Secondly, while Newport defines career capital as a collection of rare and in-demand skills, it’s clear from listening to the stories that that’s not the whole story. The capital his exemplars build up sounds more like it is maybe 50% skill and 50% reputation and connections.
It’s cool that he focuses on the skill part of the equation. After all, there are far too many career books that focus exclusively on the reputation and/or connections angle, to the exclusion of the part where you provide actual value. But I think it’s a bit misleading not to address the social aspect of career capital at all. That aspect might not be obvious to every reader, and some might focus exclusively on building skills, without also building the requisite relationships which will ensure their skills are in demand.
Listening to a book like this, it’s a little too easy for me to just nod along and say “yep, this confirms everything I’ve been doing right!” without actually acting on it. As the book drew to a close I started thinking about whether there were any lessons there that I should apply to my life.
One thing that it brought home was that I could all too easily plateau where I am. I’ve built up a considerable amount of career capital in the field of software engineering and the Ruby language. And I’m in the process of spending that capital, making my living by showing others everything I’ve learned along the way.
Newport’s choice of the term “career capital” makes it clear that it is a finite resource. It won’t last forever. If I want to continue to move on bigger and better opportunities—indeed, if I want to avoid eventually finding myself obsolete—I need to work on building capital now just as much as I did when I was younger.
Where I’m at right now, I see this breaking down into two broad categories where I should be applying deliberate practice. Here are some off-the-cuff ideas for what that deliberate practice might look like:
Building capital as a communicator:
- Do talks that challenge me. Try to do talks in the vein of speakers I admire most; people who make me think “I could never give a talk that good”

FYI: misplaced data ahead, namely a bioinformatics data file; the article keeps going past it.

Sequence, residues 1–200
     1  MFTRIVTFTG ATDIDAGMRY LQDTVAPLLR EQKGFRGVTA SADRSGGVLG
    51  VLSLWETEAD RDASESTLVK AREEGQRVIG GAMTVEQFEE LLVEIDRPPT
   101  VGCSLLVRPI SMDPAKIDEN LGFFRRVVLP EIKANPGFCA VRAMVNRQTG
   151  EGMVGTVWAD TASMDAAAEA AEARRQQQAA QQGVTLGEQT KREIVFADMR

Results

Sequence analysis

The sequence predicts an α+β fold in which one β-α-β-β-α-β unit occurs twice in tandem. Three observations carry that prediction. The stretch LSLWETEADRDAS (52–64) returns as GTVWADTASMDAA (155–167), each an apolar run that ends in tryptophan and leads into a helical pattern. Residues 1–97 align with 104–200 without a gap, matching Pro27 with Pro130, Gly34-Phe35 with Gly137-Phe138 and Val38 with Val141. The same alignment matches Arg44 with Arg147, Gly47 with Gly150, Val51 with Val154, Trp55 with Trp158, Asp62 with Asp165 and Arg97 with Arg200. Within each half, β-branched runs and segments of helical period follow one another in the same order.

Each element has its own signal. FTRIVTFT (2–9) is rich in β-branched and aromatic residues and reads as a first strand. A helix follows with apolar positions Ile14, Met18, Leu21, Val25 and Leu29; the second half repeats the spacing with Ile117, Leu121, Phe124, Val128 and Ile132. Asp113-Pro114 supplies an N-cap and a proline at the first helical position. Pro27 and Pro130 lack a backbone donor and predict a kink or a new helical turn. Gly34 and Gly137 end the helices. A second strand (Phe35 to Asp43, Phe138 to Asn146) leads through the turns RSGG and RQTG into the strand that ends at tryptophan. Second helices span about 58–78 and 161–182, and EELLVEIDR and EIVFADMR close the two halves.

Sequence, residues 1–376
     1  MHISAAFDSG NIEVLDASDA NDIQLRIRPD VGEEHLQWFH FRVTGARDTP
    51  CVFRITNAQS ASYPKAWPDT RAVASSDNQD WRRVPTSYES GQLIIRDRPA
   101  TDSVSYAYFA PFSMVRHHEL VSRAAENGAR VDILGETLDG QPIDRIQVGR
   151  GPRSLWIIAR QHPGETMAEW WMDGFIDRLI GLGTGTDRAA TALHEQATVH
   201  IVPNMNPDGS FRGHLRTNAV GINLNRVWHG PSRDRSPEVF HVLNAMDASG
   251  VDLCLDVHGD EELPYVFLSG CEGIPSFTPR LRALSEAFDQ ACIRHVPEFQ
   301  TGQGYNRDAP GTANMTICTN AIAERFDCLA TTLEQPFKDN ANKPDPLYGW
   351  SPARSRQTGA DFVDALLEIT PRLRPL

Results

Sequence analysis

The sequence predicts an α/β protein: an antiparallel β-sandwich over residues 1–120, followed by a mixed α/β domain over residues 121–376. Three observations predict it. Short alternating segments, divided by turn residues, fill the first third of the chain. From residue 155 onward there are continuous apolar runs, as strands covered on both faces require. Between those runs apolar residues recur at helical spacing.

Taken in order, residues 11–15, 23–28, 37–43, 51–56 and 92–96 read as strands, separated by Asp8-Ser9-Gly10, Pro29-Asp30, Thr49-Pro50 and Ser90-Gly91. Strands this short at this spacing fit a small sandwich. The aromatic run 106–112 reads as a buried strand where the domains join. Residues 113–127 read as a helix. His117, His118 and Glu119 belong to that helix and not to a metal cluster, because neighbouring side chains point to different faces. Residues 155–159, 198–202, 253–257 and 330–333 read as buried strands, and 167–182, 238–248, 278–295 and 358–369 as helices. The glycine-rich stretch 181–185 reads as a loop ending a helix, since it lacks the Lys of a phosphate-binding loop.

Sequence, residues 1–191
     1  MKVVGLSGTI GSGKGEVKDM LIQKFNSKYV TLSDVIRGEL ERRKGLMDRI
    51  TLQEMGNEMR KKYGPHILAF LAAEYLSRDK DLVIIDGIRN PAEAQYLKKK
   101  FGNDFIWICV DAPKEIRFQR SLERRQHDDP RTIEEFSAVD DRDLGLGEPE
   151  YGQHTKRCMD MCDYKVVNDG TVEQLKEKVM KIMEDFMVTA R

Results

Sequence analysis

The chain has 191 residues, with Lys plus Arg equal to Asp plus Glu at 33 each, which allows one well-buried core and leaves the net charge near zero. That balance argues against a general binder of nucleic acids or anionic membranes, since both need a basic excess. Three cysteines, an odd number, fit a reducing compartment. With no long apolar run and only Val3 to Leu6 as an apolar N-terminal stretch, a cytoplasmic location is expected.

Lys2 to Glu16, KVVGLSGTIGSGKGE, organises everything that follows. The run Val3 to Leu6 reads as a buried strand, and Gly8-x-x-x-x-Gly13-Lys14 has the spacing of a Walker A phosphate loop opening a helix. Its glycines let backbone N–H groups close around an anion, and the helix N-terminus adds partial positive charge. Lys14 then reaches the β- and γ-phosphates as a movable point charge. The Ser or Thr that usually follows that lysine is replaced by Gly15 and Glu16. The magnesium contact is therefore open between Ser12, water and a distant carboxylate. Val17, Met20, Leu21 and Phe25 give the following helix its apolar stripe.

- Get critical feedback on my talks. Don’t just bask in Twitter complements.
- Challenge myself more on video production. Critique my editing, illustrations, etc. as compared to other screencasters, documentaries, etc.
- Put my next book through a rigorous editorial process.
Building capital as a developer:
- Resume pair-programming sessions for exposure to other people’s problems.
- Pair-program with my programming heroes. Try to be the “dumbest guy in the room”.
- Step up the pace on app development. Have apps with real paying users that I am working on regularly.
- Continue reading software classics, and challenge myself to apply what I’ve learned to my app development.
- Perhaps most importantly, regularly study new paradigms, languages, etc. that make my brain hurt.
The latter part of the book, where it talks about mission, was some of the toughest for me. I honestly don’t know what my mission is right now. I mean, I have the overriding mission of providing for my family. But I don’t have career-related mission; or if I do, it’s something nebulous like “show programmers how to write code more happily and more effectively”.
I need to spend more time figuring out where exactly the the “adjacent possible” lies with respect to software development, and then getting closer to it. I’m not a computer scientist; I’m not going to discover an amazing new algorithm. But I feel like there are maybe some breakthroughs to be made in building applications speedily and sustainably.